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- From: "Joel Rees (pop)" <firstname.lastname@example.org>
- To: Sandra Carney <email@example.com>
- Date: Fri, 18 May 2001 20:19:20 +0900
I'm a newbie, but I have another view on the DTD issue --
I keep my work journal (the thing I fill out my daily and monthly reports
from) with a text editor. I have been using some XML marking in obvious
spots, as a kind of thought exercise. This sort of thing obviously isn't
ready for a DTD, as it isn't really even well-formed yet.
When I take this to the next step (My boss says I must, but he isn't
allocating me time yet.), I will use a RAD tool (Delphi, probably) to set up
a quick form that wraps the fields I know I'll need with XML tags and
appends it to a text file that will be well-formed when it is generated. At
this point, I don't really need a DTD, but I probably want to start thinking
about it, making scratch notes in the comments in the program code.
Until I build the first prototype, I won't know, but I think I eventually
want the ability to insert arbitrary tags in several of the fields,
particularly the notes field. (Yes, probably mixed content! Do these
arbitrary tags have anything to do with the concepts of the Semantic Web?)
If I've already built a DTD by this time, I may find that the DTD didn't
allow my arbitrary tags. But that would be no big deal, unless I've
published the DTD to the whole company, in which case changing it to allow
the arbitrary tags might cost the company money. So I probably want to
experiment with DTDs after the first prototype, but I don't want to jump the
gun and publish any corporate standards just yet.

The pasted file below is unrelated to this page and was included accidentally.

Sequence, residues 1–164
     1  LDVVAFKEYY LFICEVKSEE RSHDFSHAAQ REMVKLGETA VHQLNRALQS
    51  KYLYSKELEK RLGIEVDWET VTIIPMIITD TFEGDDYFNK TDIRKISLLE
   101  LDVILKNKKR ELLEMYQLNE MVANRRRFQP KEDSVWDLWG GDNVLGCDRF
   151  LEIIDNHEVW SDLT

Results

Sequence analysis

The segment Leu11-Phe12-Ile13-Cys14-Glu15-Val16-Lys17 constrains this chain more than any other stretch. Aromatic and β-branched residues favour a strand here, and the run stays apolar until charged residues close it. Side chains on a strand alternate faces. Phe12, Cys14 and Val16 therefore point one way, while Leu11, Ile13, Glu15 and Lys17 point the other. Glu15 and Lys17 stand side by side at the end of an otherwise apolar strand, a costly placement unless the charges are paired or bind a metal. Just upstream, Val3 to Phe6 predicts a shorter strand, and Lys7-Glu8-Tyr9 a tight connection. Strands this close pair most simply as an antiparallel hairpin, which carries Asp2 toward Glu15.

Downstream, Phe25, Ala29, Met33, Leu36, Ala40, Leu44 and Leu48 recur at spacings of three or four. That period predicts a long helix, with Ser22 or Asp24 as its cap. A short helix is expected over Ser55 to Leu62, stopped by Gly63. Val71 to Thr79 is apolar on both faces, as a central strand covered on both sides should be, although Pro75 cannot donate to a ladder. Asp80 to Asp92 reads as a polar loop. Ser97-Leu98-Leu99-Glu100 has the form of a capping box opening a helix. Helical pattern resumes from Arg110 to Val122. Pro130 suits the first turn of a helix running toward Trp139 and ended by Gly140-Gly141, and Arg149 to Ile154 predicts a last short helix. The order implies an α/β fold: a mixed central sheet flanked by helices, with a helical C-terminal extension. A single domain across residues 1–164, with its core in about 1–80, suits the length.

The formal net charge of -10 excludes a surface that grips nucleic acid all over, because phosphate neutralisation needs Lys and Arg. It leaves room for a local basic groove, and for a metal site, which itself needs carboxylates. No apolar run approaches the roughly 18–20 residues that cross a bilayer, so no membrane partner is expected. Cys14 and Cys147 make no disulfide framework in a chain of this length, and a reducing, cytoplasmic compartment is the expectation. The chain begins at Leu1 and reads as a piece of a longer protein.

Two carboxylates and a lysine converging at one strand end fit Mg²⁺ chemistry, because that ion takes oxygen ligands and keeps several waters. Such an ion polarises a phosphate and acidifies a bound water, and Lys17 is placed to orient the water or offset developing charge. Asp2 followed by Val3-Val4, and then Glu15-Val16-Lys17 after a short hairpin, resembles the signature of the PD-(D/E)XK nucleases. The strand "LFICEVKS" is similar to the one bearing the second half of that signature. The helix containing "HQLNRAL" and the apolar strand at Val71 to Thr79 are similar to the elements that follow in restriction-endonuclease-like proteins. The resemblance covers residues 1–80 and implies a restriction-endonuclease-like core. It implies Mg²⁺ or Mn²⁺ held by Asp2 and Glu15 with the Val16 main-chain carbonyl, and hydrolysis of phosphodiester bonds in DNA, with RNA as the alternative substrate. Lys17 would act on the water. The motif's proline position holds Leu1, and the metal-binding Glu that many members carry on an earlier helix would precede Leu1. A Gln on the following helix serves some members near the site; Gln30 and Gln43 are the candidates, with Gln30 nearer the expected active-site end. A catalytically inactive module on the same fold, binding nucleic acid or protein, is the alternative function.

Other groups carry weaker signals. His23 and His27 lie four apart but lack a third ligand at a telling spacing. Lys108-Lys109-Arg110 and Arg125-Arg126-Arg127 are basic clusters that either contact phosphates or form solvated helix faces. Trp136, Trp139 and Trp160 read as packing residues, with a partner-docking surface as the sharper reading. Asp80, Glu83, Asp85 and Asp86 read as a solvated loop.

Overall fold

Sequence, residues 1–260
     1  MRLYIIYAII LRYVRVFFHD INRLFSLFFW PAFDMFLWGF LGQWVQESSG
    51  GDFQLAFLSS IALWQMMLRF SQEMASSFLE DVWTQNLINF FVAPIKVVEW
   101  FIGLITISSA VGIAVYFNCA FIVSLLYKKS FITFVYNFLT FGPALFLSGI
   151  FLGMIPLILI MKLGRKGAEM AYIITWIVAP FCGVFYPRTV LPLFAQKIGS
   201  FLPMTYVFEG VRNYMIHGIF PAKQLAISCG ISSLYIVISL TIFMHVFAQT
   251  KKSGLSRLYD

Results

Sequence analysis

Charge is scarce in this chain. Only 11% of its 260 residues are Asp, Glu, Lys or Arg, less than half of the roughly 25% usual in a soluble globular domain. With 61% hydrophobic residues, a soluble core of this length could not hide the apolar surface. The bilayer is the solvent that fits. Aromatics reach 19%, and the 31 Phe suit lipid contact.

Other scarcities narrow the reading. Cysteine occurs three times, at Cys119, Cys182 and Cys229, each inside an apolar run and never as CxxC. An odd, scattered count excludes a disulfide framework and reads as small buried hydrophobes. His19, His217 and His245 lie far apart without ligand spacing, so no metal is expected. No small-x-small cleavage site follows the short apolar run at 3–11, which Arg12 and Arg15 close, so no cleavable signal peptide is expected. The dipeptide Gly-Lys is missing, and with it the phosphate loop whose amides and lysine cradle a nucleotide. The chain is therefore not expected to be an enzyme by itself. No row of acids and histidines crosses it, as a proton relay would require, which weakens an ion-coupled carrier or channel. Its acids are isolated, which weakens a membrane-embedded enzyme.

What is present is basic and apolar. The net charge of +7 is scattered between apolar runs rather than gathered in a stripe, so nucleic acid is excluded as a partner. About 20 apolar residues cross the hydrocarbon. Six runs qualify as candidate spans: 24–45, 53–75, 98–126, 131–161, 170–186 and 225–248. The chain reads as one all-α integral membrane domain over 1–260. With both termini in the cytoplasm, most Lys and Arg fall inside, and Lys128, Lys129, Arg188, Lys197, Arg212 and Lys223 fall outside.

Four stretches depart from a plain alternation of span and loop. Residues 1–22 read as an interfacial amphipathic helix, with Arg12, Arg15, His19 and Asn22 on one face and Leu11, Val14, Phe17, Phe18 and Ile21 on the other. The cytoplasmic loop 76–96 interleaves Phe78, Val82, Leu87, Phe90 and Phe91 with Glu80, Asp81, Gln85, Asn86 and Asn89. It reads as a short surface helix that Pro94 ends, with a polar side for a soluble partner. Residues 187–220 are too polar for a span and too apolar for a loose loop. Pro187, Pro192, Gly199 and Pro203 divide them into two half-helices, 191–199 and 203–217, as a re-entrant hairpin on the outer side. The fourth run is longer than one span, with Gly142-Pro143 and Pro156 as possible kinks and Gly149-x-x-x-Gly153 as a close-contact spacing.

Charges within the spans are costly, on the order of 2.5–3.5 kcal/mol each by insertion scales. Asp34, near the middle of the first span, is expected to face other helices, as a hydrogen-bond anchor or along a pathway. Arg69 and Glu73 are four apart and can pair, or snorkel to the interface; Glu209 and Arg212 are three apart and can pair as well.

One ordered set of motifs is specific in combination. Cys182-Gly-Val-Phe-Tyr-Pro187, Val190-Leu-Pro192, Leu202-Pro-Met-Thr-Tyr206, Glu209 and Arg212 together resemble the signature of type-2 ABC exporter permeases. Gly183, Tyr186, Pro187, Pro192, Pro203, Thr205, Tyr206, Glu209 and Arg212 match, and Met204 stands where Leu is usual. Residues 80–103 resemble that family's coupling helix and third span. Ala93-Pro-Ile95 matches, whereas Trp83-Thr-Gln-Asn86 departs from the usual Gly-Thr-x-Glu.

Why do I want to build a DTD at this point? Mostly to help me understand the
document class that I am implicitly designing.
Now, some time down the road, I have an application that can print my daily
and monthly reports for me, straight out of my work journal. If it works
well, the boss will want me to make it available to the whole company. At
this point, I want a DTD.
The reason I want a DTD is that it allows the journal app to publish its
interface to other applications (payroll, for instance) to directly extract
data from the journal.
Just as important, it also provides a reference for other programmers, who
will want to to extend the journal application. With the DTD reference, we
can extend the journal application in an orderly manner, and the DTD can
warn us if anybody's version has become incompatible. Mostly, it helps us
keep the extensions from raising incompatibilities. In the case of
incompatibilities, it provides the programmer a target when writing the
(XSLT? DOM? SAX?) filters to transform the old documents to the new
format(s). Likewise, an employee who has his own journal keeping program can
use the DTD as a target for the program that transforms his journal into the
Summarizing the above, I think you should not use a DTD for any class of
documents whose use has not yet stabilized. Once the general use of a